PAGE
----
1639

No signature.

Defendant's case

9/3/5, Defence [badly damaged]

1. No credence was to be given to the testimony of William Gosse and William Coles, witnesses produced on behalf of Ingepen because they were his familiar friends.

2. 'George Penny is a gentleman discended of an ancient family, the naturall and lawfull sonne of John Penny of co. Dorset. George Penny liveth in the ranke, fashion and quality of a gentleman and hath a good estate and revenues to support him in the degree of a gentle; and for such a person he hath bene for divers yeares past and still is accounted, reputed and taken.'

3. Richard Ingepen 'is commonly called and written by the name of Inckpen, and not Ingepen as in the libel is sett forth; and hee liveth in the fashion and manner of a yeoman (and not of a gentleman), laboureth in husbandry ordinarily with his own handes, holdeth the plough, maketh hay, selleth his corne att the markett himselfe and keepes noe man or attendant on him but such as are imployed in labouring and husbandry, and in the parish rates and other writings hee is only written Richard Inckpen, without the addition of gentleman to his name.'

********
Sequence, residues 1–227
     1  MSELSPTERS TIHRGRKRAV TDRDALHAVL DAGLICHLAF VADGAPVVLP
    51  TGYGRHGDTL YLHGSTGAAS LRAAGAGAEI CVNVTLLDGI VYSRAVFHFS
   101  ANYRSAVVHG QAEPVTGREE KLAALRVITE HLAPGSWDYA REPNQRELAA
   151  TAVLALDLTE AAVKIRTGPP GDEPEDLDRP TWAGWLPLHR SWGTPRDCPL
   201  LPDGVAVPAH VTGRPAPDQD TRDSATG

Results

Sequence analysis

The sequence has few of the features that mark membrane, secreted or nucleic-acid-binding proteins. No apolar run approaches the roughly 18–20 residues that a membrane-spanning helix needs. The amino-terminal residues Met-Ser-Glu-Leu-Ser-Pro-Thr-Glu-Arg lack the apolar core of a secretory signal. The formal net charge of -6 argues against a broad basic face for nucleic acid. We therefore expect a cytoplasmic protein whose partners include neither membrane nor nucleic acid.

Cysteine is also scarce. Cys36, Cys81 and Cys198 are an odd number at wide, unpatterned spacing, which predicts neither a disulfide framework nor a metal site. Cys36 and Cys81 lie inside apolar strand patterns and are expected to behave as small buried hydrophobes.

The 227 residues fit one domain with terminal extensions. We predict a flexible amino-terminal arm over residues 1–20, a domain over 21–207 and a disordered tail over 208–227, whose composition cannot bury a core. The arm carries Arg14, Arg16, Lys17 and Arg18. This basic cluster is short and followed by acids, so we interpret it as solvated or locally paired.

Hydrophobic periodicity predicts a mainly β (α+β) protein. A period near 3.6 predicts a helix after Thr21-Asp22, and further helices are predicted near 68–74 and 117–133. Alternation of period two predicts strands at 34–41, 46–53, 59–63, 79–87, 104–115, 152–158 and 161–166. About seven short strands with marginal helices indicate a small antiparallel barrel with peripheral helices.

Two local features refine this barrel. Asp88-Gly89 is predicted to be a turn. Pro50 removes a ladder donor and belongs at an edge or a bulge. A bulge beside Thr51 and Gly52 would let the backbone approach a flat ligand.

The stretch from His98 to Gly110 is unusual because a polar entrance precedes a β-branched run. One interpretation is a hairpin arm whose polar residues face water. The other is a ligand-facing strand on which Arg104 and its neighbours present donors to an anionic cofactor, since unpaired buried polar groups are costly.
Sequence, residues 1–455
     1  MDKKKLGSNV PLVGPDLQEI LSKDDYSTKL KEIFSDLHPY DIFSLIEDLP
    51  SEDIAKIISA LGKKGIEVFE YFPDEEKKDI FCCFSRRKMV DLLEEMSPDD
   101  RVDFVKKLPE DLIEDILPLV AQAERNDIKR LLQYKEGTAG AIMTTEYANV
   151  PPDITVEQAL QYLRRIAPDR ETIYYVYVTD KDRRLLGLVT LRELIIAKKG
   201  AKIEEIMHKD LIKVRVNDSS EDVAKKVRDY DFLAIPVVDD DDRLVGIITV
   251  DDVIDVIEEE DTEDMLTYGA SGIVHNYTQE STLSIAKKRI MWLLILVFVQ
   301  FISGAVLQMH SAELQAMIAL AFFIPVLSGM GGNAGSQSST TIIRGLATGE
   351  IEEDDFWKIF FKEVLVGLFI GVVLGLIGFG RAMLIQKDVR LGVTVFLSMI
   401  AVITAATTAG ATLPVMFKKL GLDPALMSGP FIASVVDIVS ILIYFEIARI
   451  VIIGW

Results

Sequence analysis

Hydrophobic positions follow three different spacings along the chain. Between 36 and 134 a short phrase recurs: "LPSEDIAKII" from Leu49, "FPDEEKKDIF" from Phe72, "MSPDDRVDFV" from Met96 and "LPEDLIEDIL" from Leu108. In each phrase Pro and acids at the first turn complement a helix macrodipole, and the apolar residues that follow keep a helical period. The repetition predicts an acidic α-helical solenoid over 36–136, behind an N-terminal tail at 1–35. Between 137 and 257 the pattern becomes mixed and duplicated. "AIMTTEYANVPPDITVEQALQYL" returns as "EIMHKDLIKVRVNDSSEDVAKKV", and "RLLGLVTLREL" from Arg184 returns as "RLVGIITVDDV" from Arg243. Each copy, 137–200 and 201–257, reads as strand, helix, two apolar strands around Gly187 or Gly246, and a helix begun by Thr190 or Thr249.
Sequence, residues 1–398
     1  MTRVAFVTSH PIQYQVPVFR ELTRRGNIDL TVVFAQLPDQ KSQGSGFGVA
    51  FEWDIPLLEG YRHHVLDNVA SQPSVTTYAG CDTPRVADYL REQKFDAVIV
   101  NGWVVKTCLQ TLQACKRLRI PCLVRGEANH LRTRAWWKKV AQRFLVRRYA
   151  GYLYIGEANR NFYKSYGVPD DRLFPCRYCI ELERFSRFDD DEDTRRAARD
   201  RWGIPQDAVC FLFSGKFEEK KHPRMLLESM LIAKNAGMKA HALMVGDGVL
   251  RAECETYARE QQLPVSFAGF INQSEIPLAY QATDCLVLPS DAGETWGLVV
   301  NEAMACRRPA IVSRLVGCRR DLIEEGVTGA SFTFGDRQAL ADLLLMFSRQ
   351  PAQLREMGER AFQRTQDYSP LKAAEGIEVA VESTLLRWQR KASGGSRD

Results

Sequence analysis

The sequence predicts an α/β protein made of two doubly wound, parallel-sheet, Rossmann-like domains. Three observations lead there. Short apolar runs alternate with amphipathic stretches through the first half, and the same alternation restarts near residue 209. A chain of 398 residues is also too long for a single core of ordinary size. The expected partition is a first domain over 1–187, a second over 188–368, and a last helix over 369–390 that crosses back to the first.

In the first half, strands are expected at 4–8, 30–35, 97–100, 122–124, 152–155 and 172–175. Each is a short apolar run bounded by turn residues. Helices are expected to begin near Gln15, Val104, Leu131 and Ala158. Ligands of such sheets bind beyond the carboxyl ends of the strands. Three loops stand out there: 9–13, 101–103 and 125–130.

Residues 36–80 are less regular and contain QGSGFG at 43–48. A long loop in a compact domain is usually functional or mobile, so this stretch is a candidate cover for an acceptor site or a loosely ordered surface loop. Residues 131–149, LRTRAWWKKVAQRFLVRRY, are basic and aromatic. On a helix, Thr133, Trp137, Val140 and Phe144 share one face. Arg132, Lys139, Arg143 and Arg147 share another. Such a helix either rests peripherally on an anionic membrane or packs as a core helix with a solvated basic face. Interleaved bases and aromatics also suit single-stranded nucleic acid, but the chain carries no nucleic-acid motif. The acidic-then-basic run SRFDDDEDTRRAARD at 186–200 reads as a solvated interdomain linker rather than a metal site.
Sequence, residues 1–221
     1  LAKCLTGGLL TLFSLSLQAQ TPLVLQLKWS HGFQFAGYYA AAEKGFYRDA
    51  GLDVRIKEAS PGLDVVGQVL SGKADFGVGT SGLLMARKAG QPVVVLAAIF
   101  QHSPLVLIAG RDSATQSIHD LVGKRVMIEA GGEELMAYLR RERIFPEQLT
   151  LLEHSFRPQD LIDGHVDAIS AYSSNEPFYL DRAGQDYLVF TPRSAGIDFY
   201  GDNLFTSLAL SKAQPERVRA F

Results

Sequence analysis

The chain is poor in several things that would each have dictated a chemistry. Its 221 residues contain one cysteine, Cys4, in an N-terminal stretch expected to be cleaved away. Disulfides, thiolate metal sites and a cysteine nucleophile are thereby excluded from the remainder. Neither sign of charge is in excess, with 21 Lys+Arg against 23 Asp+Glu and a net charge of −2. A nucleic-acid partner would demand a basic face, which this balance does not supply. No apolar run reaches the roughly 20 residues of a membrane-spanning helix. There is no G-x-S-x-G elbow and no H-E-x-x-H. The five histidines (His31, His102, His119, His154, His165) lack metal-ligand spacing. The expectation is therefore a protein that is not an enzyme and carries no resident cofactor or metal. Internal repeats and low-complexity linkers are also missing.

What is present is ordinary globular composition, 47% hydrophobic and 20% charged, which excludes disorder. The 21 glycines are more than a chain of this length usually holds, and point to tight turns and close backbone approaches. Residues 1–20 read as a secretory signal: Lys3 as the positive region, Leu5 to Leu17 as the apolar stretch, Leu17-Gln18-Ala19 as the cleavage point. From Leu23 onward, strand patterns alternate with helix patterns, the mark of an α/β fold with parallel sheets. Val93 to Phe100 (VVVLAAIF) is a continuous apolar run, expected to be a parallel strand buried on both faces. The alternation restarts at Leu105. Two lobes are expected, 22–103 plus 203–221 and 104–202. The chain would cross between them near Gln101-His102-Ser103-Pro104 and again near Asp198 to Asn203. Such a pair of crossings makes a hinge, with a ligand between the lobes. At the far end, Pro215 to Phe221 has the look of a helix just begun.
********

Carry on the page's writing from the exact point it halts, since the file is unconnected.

4. William Gosse and William Coles produced as witnesses on behalf of Inckpen are all of them regarders of the New Forest, co. Southampton 'and the regarders are for the most part yeomen and not gentlemen and are soe accompted, reputed and taken.' And Goss and Coles are 'familiar friends' of Inckepen.

5. Three years ago Inckepen as collector of the poor rate in the parish where he lives collected the money but did not distribute it to the poor and then levied another rate at a higher price than before.

6. Penny denied speaking the words in the libel.

7. Inckepen purchased a lease of some woods belonging to William Chamberlen at Berkeley Regis in the New Forest in Hampshire; and Penny leased the herbage of the same woods from Chamberlen. Inckepen had cut down some timber in the wood and Penny informed Mr Goddard about this, who asked Mr Lapp a woodward in the forest to inspect the spoil. Lapp asked Penny to accompany him to the site and when they were there Ingepen confronted them 'in a chollericke and furious fashion'... [too badly damaged to read any more].

7/28, Defendant's petition to Arundel